Dickens was the first great novelist in English to make the pleasures and (especially) the pains of childhood central to his fiction. When we think of Hard Times, the sufferings of the factory workers are indistinct, but those of the children taught by Mr Gradgrind are wholly vivid.
Watch the films above to see John Mullan discussing childhood in Dickens's novels; and Simon Callow reading from Hard Times - 'Now, what I want is facts'. Filmed at the Dickens Museum, London.
Then explore the historical and literary sources to find out more.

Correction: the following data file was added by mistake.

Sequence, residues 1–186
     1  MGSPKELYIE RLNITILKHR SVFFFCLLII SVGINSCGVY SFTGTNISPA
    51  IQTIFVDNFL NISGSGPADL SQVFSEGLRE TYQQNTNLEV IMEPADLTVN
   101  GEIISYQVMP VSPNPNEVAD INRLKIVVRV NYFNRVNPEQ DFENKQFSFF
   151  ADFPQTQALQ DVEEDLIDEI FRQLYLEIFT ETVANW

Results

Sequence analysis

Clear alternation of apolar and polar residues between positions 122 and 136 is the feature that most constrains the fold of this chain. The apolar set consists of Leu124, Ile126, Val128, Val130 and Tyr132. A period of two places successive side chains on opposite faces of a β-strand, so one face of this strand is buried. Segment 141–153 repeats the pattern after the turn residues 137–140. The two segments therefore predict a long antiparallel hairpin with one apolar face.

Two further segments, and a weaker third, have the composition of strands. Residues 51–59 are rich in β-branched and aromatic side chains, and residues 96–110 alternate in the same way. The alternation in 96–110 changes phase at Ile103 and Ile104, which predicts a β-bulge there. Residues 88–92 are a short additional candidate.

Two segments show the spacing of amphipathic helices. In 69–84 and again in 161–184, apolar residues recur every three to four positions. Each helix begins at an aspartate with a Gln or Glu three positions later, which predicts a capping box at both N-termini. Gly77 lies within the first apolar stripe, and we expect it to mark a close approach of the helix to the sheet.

Historical & Literary Sources
These pages are from The Railway Alphabet, an educational book for children. The book marries images from the industrial world with the simplicity of a lesson on ABC.
Shockheaded Peter was an immensely popular set of moral tales for children, first translated into English from the German in 1848.
Songs of Innocence and of Experience is as much a work of art as a collection of poems, produced laboriously from etched copper-plates.
This image shows children working in coal mines. It is taken from a government report compiled by the Children's Employment Commission in 1842.
Just as Dickens had worked in a blacking factory from the age of 12, many families living in poverty were forced to send their children to work. This newspaper article discusses the issues.